The colorful and picturesque dress of Arabia. Arabian dancing girl.

Arabia, dress, dancing girl, costumes,
Costumes of Arabia



Arabia is a peninsula, over a million square miles in area, forming the southwestern corner of Asia. It is surrounded on three sides by the Red Sea, the Arabian Sea, and the Persian Gulf. Its population has been estimated at about seven million, and almost one half of its area is desert.

The dress of the Arabs is picturesque and colorful; but, as is the case with almost all native dress of western Asia, it is gradually disappearing among all but a few wild tribes of the desert.

Of the two figures pictured here, the man might still, today, be seen walking the streets of Mecca. The woman, however, is a sort of dancing girl and more than likely would not be found in a large city. Both, however, are wearing typical, not too luxuriant (hence, middle-class) ensembles.

The man wears next to his skin, as do almost all men of that part of the world, a sort of undershirt. The Arabs call it a Saub; it is made of blue calico and reaches to the ankles. On the picture it can be seen only at his wrists. Over the Saub is worn the familiar “aba” or cloak. They appear in white, black, red, or brown-striped. They are made of various materials, the best being camel hair, the cheaper of sheep wool. The long cloak-like garment, open down the front and merely wrapped around the wearer, is extremely characteristic of Asia Minor and Arabia. It seems particularly to suit the climate and needs of the people, for it has been the major garment in the masculine ensemble for centuries.

His feet are shod in red leather slippers, though many of the poorer Arabs wear mere sandals consisting of a sole held on with leather thongs.

His headdress is again something that grew, as it were, out of the hot sandy climate. It thoroughly protects the head, even shielding the eyes, and can be used (see Plate 7) to protect even the throat from the cutting sand. In the first place the Arab, if he is a good Mohammedan, has a shaven head; over this he wears a white cotton skullcap, and finally he puts on over this a large square kerchief (kubiyah) usually of a silk and cotton combination. It is folded into a triangular shape, put on over the skullcap, and held on by an aakal, which is a rope, sometimes four feet long, of camel’s, sheep’s, or goat’s hair (the latter preferred).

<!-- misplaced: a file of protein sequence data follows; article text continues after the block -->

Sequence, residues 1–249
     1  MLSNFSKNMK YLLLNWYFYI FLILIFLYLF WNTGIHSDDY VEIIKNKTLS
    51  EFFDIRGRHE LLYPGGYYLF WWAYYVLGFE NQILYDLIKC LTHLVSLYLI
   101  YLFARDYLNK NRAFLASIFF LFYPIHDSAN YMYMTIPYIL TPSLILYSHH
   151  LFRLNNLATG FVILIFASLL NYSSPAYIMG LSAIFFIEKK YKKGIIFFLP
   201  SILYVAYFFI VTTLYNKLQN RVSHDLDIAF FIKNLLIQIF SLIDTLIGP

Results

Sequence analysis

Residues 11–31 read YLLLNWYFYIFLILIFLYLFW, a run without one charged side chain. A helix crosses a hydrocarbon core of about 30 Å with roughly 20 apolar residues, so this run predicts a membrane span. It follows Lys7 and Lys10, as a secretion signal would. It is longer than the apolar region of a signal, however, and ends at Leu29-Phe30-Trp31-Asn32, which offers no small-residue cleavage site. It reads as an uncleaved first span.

The kubiyah is folded and put on in such a manner that it fits the head close behind and projects over the eyes. Various tribes wear the aakal in different ways, make the kubiyah of various materials, and even wear them in slight variations. Essentially, the headdress is as it is pictured here and on Plate 7.

The woman seen here displays the usual inordinate love of jewelry and ornament manifested by Oriental women. The gold coins on the band about her forehead and on chains about her neck are in payment for dancing. She will keep adding to her earrings, the more she dances, and it is not rare for Arabian dancing girls to be almost literally covered with gold coins. Notice that even over her bicolored leather boots she wears silver anklets.

She wears a red calico smock-like affair and a blue skirt. Over this she has draped in a characteristic manner, a black, probably woolen, cloak. Notice that it has been arranged with girdles and fastenings to resemble a sort of dress. It is, however, actually an not tailored cloak-like garment that has merely been ingeniously draped about the body. Her hair hangs loosely over her shoulders and down her back.

Source: Museum Extension Project. Administration of Pennsylvania. Pennsylvania Department of Education.


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